The Surfliner runs up the Southern California coast with numerous daily roundtrips between San Diego and Los Angeles, and between Santa Barbara and San Diego. Stops include San Clemente, San Juan Capistrano and San Luis Obispo.

The trains even have racks for surfboards.

Go to www.amtrak.com for schedules and ticket information.

Villa rentals

NEW YORK (AP) - The word "villa" suggests a certain level of luxury and spaciousness. But you can rent properties that meet the definition for as little as $500 a week, depending on size, location and amenities, with the help of several Web sites.

The July issue of Travel+Leisure magazine is recommending six Web sites to help you find the perfect villa for your next vacation.

Of course, the sites also list five-star properties with weekly rents that exceed the average yearly salary, but affordable listings can be found too.

The Web sites are:

-AKchapters.com, which lists properties worldwide (including a few castles) with an emphasis on France and Italy; weekly prices range from $980 to $53,000.

-Homesaway.com, specializing in France, Italy and Spain; prices range from $5,500 to $30,000 a week.

-Rentvillas.com, with listings throughout Europe, from $500 to $75,000 a week. Helpful guest reviews that include categories such as "Enjoyed Most" and "Unpleasant Surprises."

-Vacationspot.com, which has worldwide listings but emphasizes U.S. properties including apartments and condos, with prices from $450 to $6,000 a week.

-Villasoftheworld.com, with a worldwide inventory ranging from $2,000 to $200,000 a week, including Mick Jagger's beachside bungalow for $13,000 a week on a private Caribbean island in the Grenadines.

-Wimco.com, specializing in the Caribbean and Europe, with weekly prices from $1,000 to $52,000.


NEW YORK (AP) - Tour a famous mansion and you'll soak up history, culture, antiques, art, architecture, gardens and a compelling story about an interesting life - all in one destination, in an hour or two.

The July-August issue of Budget Travel has compiled a list of the 10 grandest mansions in the country. They are:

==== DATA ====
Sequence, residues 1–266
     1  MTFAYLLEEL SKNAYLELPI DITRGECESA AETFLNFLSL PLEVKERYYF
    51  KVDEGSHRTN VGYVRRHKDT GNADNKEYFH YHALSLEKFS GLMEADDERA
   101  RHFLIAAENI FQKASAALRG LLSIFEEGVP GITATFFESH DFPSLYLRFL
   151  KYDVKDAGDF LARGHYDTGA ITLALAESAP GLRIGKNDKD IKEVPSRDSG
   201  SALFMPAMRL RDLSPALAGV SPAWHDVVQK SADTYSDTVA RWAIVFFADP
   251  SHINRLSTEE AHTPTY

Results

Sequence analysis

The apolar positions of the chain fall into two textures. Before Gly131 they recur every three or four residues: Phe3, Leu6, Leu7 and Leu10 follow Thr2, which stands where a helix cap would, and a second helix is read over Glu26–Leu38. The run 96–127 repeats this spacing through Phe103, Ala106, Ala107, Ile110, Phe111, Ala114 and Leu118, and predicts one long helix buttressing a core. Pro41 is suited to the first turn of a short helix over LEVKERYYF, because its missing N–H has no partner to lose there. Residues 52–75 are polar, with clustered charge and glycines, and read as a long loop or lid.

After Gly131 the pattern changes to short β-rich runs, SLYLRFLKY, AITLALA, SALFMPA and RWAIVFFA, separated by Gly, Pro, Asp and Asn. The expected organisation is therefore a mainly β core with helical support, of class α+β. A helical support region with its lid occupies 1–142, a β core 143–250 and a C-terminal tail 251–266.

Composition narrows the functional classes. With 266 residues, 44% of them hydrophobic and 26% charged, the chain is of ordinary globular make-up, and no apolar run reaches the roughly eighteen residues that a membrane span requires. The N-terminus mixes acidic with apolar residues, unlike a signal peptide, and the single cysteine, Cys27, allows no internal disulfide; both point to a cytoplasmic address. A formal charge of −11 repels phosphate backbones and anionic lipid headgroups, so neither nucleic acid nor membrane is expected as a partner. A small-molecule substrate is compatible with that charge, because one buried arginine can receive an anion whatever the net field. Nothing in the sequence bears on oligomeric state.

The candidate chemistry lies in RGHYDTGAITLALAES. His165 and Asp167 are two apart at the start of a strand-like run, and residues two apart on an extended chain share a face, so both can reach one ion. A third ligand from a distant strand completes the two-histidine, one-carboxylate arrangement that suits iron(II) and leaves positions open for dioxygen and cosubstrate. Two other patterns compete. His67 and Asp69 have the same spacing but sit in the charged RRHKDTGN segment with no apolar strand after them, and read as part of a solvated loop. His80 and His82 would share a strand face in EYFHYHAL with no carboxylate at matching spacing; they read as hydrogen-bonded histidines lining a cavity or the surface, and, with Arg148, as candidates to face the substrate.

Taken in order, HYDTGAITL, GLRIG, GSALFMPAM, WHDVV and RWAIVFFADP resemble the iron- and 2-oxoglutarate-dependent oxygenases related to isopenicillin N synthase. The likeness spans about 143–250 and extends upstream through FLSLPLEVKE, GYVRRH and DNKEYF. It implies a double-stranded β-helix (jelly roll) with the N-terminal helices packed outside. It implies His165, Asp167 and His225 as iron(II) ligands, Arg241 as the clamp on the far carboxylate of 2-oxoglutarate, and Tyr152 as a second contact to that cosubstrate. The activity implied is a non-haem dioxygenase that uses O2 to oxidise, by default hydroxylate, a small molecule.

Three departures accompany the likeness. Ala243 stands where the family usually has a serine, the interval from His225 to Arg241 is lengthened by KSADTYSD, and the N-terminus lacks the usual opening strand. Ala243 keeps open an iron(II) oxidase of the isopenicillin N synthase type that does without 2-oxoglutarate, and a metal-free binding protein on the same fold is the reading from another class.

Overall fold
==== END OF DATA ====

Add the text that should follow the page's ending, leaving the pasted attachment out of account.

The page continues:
-Kykuit, built by oil magnate John D. Rockefeller in 1913 in Sleepy Hollow in New York's Hudson Valley, 25 miles north of Manhattan; (914) 631-9491.

-The Breakers, built in 1895 by a grandson of the railroad tycoon Commodore Vanderbilt, in Newport, R.I.; (401) 847-1000.

-Shangri La, built in 1938 by tobacco heiress Doris Duke in Honolulu; (866) 385-3849.

-The Henry Ford Estate, built in 1915 by the auto baron in Dearborn, Mich.; (313) 593-5590.

-Aiken-Rhett House, built in 1817 by John Robinson, a shipping merchant, in Charleston, S.C.; (843) 723-1623.

-Winterthur, built in 1839 in Wilmington, Del., and renovated in the 1920s by an heir to the duPont chemical manufacturing fortune to house his enormous collection of art and furniture; (800) 448-3883.

-Biltmore Estate, built in 1895 by another Vanderbilt grandson, in Asheville, N.C.; (800) 624-1575.

-Monticello, built in 1769 by Thomas Jefferson, near Charlottesville, Va.; (434) 984-9800.

-Hearst Castle, built in 1919 by publisher William Randolph Hearst in San Simeon, Calif.; (800) 444-4445.

-Oak Alley Plantation, built in 1839 by J.T. Roman, a sugarcane farmer, in Vacherie, La., about an hour from New Orleans; (800) 442-5539.

Trout fishing

NEW YORK (AP) - How do you catch trout in the West?

Let Field & Stream count the ways.

The outdoor magazine's July issue lists 50 rivers, lakes, hatches and other places where anglers can catch anything from an 8-inch brookie to a 30-pound rainbow.

Good places to bring your rod and tackle box include:

-In Wyoming, the South Fork Snake River; waterways in the Shoshone National Forest and Beartooth Plateau; and rivers in Yellowstone National Park, including the Gibbon, Madison, Firehole and Lamar.

-In Montana, the Kootenai River, the Flathead River, the Beaverhead River,

-In Colorado, the Elk River and lakes and creeks near Steamboat Springs.

-In Arizona, the Colorado River near Lees Ferry.

-In Utah, the Green River.

Other notable destinations for fisherman and would-be fishermen include the Lone Mountain Ranch in Big Sky, Mont., which has a flyfishing school for young anglers; and the A-Bar in Last Chance, Idaho, a hangout for fishermen trying their luck in the Henrys Fork of the Snake River.

For details on these locations and more recommendations for trout fishing destinations, check out the magazine.